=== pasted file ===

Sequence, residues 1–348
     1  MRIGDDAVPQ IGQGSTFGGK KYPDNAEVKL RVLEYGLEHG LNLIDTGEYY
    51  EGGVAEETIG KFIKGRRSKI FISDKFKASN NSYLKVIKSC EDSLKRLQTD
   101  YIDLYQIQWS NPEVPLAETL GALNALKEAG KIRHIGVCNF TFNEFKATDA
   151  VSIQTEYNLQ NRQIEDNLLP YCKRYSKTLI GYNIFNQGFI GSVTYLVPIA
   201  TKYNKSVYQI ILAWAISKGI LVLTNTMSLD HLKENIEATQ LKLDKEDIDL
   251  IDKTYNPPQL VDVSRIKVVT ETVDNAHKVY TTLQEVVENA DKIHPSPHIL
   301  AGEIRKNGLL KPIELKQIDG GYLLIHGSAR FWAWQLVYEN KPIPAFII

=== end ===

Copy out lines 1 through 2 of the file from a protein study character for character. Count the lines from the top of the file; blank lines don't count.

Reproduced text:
Sequence, residues 1–348
     1  MRIGDDAVPQ IGQGSTFGGK KYPDNAEVKL RVLEYGLEHG LNLIDTGEYY